Program Note: CNN’s Campbell Brown investigates the nation's crumbling infrastructure in a special report, "Roads to Ruin: Why America is Falling Apart." Special guests include California Gov. Arnold Schwarzenegger, New York Mayor Michael Bloomberg and Pennsylvania Gov. Ed Rendell. Friday, 8 p.m. ET
[cnn-photo-caption image=http://i2.cdn.turner.com/cnn/2008/images/08/01/art.vert.hospital.jpg caption="Mercedes Gorden in the hospital. She has had nine surgeries since the bridge collapse last year. " width=292 height=320]
When I came to Minneapolis a year ago to report on the collapse off the Interstate 35W bridge, it was still laying in the Mississippi River. Huge chunks of steel and concrete lay twisted in the water. The cause was found to be a design flaw. That bridge had been built in 1967.
Today, it is a different story. The new bridge spanning the Mississippi is nearly done, two months ahead of schedule. It is a concrete bridge that cost about $250 million to build. If it is done by September 15th, the contractor will get a bonus of $27 million. That’s the good news. The bad news is that many of the victims from that horrible day are still recovering. More than 145 people were injured when the bridge buckled, and 13 were killed. Some of the bodies weren’t found for weeks. Some of the survivors are still dealing with post traumatic stress disorder. They still have nightmares about falling off a bridge.
I spent some time yesterday with one survivor. Her name is Mercedes Gorden. She has had nine surgeries since the bridge collapse.
Her car plunged 60 feet nose first into the bridge support on the river bank. It took rescuers an hour to get her out. She had too many shattered bones to count and a fractured spine. She was in a back brace for months and is now an inch shorter than she used to be. She still walks with a limp. We walked over to the new bridge together and she shared some her story. She told me she has to drive by the site every week on her way to physical therapy. She’s angry more money wasn’t used to make sure this bridge was safe. It had been inspected just three months before its collapse, and the state’s Department of Transportation decided to keep inspecting it instead of fixing some off the flaws.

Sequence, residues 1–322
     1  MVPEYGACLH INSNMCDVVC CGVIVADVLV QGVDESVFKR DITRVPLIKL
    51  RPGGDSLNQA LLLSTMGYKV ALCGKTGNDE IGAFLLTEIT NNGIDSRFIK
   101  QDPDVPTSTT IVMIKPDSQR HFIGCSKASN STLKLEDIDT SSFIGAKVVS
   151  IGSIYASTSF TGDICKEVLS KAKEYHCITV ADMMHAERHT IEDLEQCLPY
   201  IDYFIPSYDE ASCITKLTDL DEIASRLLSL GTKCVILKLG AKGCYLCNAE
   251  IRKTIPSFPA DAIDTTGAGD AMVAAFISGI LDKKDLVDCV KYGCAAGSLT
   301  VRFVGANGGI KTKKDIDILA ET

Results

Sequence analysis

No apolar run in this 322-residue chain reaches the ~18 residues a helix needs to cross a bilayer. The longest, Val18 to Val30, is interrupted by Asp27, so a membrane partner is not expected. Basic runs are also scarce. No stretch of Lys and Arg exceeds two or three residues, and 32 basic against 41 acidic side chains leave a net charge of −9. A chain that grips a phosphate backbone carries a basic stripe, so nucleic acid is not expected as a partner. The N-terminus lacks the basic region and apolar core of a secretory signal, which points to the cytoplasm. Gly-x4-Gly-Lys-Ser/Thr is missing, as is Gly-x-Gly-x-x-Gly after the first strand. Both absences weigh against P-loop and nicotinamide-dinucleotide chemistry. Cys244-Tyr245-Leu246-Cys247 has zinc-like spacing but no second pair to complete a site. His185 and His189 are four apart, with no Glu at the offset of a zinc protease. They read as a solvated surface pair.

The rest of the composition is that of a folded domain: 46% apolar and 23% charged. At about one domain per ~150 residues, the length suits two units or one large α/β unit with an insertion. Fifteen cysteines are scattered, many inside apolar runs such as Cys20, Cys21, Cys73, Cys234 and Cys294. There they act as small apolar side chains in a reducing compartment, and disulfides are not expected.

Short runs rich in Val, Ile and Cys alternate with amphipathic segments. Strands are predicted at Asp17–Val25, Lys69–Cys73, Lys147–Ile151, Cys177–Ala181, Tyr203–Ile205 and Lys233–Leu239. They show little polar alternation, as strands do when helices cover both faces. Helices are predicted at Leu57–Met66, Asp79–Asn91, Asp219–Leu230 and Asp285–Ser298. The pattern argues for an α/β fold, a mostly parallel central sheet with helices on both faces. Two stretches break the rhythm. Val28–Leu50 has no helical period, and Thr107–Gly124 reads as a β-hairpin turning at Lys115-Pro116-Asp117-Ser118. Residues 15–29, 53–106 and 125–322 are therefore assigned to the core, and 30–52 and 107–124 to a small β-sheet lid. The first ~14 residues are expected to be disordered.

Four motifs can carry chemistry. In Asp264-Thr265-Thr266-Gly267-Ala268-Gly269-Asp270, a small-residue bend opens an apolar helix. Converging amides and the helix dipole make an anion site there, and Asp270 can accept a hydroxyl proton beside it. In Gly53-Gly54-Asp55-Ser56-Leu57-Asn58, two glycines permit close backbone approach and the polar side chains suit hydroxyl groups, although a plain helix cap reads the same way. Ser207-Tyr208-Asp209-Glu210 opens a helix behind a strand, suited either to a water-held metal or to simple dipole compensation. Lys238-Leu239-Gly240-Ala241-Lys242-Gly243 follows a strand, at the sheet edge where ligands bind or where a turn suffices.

Mercedes says, “I say how did we get money for stadiums? How did we get money for all these new stadiums we’re building? There are a ton of projects, how did we get money for that? What’s more important baseball or safe traveling? Should we all be afraid every time we cross a bridge now? Should I be thinking I need to open a window in case I fall off a bridge? Is that the place that we’ve come to in America? Is that what it’s come to?”.
Today, Mercedes takes medication for anxiety and depression. She no longer dances like she used to and is looking to buy a one story house because she doesn’t negotiate steps very well. But in all honesty, Mercedes is one of the lucky ones. Even with all the pain and the scars, she survived a day that so many others did not. The state compensated victims with nearly $37 million dollars that they will share, but that doesn’t help the emotional scars. Mercedes isn’t going to let her fears stop her, though. She hopes to be one of the first people to drive over the new bridge. She wants to “get back on the horse” she says and face her fears from that day as soon as she can. She may have that chance come September, when the new bridge is expected to be finished.
Mercedes shared this picture of what remains the car she was in when the bridge collapsed.
Mercedes Gordon sent us this picture of her car, after the bridge collapsed.
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